Comic: "The Books Of Magic"
Published by: DC Comics
Written by: Neil Gaiman, John Ney Rieber, Peter Gross
Plot: Before Harry Potter, there was another boy wizard named Timothy Hunter, who was destined to become the world's greatest magician, but whether he would use his talents for good or evil remained to be seen.
Review: The Books of Magic is one of my favorite comic series and among the best work ever published by Vertigo Comics, yet it is often criminally overlooked next to some of the imprint's other titles. The thing I love most about this series is the way it perfectly blends the fantastic and the mundane, to the point where you feel like literally anything can happen, resulting in one of the most imaginative, unpredictable books I've ever read. Tim Hunter regularly rubs elbows with faeries, gods, demons, mages, mythical creatures and hideous monsters while also trying to simply enjoy time with his girlfriend and juggle the responsibilities of being a teenage boy in England.
In the introductory mini-series written by Neil Gaiman (each issue featuring vastly different art by some of the finest talents in comics today), young Tim is approached by the "trenchcoat brigade" (the nickname given to some of DC's classic magical characters: the Phantom Stranger, Mister E, Doctor Occult, and of course, ever the charming bastard, John Constantine), and told that he has the potential to become the world's most powerful mage. They take him on a journey through time and space, showing him different realms and possible realities, so that he can understand the weight of the responsibility that falls to him.
As good as Gaiman's mini-series is, the book got tremendously better under the guidance of regular series writer John Ney Rieber, who perfectly captured the nostalgic feeling of adolescence in a way few other writers have. He stayed with the book for fifty issues, taking Tim through adventures both magical and mundane, always capturing my imagination completely whether Tim was visiting the realm of Faerie or simply enjoying a day with his girlfriend Molly. It's probably one of the top five Vertigo books ever published (and that's saying a lot), which is why it's such a crime the way Vertigo has completely mishandled it since the completion of the initial series.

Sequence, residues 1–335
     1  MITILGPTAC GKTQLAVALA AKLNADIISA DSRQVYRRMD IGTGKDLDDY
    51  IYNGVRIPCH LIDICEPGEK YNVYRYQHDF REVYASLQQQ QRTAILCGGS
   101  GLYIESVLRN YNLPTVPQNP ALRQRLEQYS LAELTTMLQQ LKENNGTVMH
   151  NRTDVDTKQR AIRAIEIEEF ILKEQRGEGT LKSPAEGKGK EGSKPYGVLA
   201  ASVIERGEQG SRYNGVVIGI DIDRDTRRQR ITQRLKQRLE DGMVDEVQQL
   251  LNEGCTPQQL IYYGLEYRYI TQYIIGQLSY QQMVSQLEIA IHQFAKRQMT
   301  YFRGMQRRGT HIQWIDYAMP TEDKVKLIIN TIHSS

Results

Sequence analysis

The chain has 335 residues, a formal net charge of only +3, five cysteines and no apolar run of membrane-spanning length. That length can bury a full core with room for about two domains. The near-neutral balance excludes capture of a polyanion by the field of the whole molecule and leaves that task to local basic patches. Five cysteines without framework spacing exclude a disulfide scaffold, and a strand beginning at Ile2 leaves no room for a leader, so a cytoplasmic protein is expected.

Various artists contributed to the book throughout its run, but they always managed to find talent that could easily straddle the line between drawing freaky Hellish realms and the aisle of a convenience store. My favorite artist on the book, Peter Gross, contributed longer than anyone, and after Rieber left the book, Gross himself took on the writer's reigns as well as artistic duties, wrapping up the title over the next twenty-five issues. The real shame here is that DC never got around to collecting these final 25 issues in trade paperbacks--not because they're not worth reading so much as they just never got around to it. It's a bit of a pain tracking them all down in back issue bins, but believe me, it's worth the trouble to see how it all turns out (this chapter of Tim's life anyway).
I do have to warn you that the two follow-up series that came after this, The Names of Magic five-issue miniseries, and the twenty-five issue Hunter: The Age of Magic are best avoided as unimaginative, tedious shit. There was a short-lived series Books of Magick: Life During Wartime, which despite the awkward title had some serious potential, but unfortunately writer Si Spencer took too long to rev things up, keeping the reader floundering in the land of confusion a tad too long, and DC pulled the rug out from under it before it could really get into the meat of the story.
And Tim Hunter, one of their best and most empathetic characters, has lain dormant ever since (about six years now). I keep hoping that Vertigo will come to their senses and give this series the proper treatment (and respect) it deserves. Perhaps someday a new writer will come along and pitch a new BOM series, sparking a renewed interest in the title, and causing a whole new generation to experience what was easily one of Vertigo's most fantastic (in every sense of the word) books. If only they would put all the trades back in print (and finish collecting it), that would be a start.
(Scored on a 0.5 - 5 pickles rating: 0.5 being the worst and 5 being the best)
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